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Investors raise cash for all kinds of reasons.

In anticipation of some big personal expenditure. To protect a portfolio against risk in a volatile market.

To have the firepower to take advantage of a future buying opportunity.

That last reason is why I’ve decided to raise some cash over the next few weeks and perhaps longer.

At some point the bear market in Chinese stocks will drive prices of Chinese stocks so low that I will want to buy. At some point the repeated interest rate increases in Brazil and India will drive prices so low in those markets that I will want to buy. At some point the fear of a slowdown in global growth will drive prices of commodity stocks so low that I will want to buy shares in that sector.

And I’ll want to have some cash on hand to take advantage of what are shaping up as really juicy buying opportunities.

Which, of course, leaves me with just two tiny questions to answer: What do I want to sell to raise cash? When do I want to buy?

I’m not going to reverse any of my recent buying decisions. I think adding U.S. stocks to gain exposure to what is likely to be the world’s  best performing stock market (perhaps not a very tough bar to beat, I admit) over the next six months is still a good move. Especially if you concentrate on stocks such as Cisco Systems (CSCO), Cummins (CMI), and Microsoft (MSFT) where the company’s sales and earnings will get a boost from customers who have put off buying and are now resuming purchasing to catch up with deferred demand and changes in technology.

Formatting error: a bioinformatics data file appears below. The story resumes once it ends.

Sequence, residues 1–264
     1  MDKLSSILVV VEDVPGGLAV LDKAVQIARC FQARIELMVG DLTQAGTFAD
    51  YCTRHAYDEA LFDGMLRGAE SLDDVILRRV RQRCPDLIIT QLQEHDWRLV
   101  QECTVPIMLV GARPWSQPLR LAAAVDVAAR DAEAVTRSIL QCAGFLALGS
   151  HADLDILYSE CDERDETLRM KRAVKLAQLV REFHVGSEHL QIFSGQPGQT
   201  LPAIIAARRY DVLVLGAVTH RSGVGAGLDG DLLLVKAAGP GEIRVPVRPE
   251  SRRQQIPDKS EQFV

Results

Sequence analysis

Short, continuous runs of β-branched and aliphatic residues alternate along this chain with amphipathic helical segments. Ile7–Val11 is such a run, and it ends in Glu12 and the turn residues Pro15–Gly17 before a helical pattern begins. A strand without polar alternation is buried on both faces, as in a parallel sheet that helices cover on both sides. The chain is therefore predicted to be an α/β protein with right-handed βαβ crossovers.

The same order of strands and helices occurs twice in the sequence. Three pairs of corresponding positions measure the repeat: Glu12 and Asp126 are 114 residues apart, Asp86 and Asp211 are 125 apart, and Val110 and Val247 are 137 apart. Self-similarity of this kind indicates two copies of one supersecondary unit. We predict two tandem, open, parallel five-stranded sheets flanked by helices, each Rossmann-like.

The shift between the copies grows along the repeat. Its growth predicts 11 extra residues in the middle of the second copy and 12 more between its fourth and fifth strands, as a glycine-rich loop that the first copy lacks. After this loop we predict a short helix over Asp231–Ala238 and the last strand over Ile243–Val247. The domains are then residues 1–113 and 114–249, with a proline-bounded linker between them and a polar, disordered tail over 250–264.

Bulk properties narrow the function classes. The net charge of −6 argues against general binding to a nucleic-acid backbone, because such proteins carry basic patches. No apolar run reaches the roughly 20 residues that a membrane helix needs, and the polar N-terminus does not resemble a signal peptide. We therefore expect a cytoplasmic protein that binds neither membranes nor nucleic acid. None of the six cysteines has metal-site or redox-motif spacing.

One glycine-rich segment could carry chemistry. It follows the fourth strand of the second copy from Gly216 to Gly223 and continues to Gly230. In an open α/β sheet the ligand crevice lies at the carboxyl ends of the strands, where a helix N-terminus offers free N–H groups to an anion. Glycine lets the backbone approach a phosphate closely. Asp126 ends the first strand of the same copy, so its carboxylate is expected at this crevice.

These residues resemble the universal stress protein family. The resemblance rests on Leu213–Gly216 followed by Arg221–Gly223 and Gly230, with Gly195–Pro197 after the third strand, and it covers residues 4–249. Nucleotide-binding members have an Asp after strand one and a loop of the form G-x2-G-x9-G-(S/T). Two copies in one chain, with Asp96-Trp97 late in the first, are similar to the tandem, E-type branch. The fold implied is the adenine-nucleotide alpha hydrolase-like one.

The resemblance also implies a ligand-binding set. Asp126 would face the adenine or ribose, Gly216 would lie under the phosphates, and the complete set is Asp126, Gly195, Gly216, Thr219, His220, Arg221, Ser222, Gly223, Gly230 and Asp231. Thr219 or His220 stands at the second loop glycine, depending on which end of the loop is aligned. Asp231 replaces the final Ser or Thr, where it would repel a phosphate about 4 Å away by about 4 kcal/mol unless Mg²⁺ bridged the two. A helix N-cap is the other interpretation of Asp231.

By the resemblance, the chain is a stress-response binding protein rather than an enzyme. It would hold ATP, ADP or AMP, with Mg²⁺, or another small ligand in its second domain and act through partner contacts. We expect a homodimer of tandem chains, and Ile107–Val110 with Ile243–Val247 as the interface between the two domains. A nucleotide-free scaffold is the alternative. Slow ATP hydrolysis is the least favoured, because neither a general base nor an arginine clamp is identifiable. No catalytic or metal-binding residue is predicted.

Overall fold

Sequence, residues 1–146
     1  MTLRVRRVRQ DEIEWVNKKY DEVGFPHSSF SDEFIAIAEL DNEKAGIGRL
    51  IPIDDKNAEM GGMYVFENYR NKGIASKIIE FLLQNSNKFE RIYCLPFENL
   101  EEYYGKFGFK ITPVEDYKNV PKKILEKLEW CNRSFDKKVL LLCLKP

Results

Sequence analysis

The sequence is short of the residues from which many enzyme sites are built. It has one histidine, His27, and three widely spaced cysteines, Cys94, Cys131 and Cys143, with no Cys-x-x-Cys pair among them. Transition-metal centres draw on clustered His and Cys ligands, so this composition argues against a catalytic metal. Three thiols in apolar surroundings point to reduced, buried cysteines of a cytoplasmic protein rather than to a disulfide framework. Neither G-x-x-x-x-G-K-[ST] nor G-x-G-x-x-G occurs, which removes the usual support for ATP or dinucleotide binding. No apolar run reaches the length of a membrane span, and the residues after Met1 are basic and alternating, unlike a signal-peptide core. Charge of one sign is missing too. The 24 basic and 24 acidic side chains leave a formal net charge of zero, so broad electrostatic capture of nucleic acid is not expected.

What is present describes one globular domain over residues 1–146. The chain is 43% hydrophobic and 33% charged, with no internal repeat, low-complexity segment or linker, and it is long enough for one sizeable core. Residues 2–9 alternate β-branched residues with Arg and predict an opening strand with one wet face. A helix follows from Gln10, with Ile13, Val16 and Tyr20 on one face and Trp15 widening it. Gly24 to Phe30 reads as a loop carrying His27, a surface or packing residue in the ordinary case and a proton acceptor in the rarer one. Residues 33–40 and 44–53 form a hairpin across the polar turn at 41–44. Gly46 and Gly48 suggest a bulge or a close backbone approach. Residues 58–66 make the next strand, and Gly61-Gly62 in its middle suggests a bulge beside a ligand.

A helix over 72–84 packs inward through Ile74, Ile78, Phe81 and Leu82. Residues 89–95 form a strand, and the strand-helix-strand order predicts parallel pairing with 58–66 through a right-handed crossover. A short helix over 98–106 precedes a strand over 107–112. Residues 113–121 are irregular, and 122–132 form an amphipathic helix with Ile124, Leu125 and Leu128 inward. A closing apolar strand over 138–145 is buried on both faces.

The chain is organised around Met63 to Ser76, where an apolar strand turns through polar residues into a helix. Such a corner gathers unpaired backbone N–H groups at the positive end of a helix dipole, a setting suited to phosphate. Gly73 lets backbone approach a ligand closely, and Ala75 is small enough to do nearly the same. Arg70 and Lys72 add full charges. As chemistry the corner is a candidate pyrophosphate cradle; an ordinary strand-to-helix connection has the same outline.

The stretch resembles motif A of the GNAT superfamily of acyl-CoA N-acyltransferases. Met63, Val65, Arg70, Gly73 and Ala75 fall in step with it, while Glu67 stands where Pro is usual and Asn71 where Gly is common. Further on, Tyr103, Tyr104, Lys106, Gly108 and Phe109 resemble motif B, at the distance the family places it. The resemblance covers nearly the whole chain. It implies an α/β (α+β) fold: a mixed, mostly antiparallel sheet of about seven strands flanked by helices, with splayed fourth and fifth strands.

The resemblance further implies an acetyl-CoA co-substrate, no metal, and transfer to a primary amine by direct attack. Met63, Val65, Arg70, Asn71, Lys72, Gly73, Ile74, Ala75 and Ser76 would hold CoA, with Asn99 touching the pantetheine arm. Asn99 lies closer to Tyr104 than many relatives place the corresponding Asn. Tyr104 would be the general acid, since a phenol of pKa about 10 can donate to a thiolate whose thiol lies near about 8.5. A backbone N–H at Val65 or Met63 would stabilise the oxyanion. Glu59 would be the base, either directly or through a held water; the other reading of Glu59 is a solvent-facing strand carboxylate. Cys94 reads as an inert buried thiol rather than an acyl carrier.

So I’m going to sort through Jubak’s Picks looking for safe stocks that have hit their target price because investors are looking for safe havens—I’ll take my profits there. I’m going to look for commodity plays that are likely to be dead money for the next six months or more—I’ll take my losses there. I’m going to look for growth stories that haven’t played out—and take my modest profits or losses there.

I’m not going to do any panic selling. Remember this isn’t selling to protect a portfolio from some kind of crash—I don’t see that as likely in any of the world’s markets. Instead I’m trying to move money from slow or no gain stocks to the sidelines so that I can redeploy it later in the year.

When? Not yet, that’s for sure.

The several crises that are driving stocks lower in many of the world’s markets haven’t yet run their course. The euro and the Euro Zone are still in for more pain, for example.

The trends toward higher interest rates and other inflation-fighting, anti-speculation measures that are pushing down prices in Brazil, China, and India still have months to go before they’ve played out.

But investors should be able to see when those crises and those trends are nearing an end. The euro will be nearer to $1.10. Brazil’s central bank will have raised rates three times instead of just once. China will have recorded a quarter of worryingly low GDP growth—you know, worryingly low like just 8%.

I don’t think I’ll be able to call the bottom, but with the trends that far advanced I’ll be willing to bet that the bottom is near and I’ll start putting some of my cash to work.

In the meantime the job is to execute the best “sells” possible, sit on the cash, and make lists of stocks that you want to buy when the time looks right.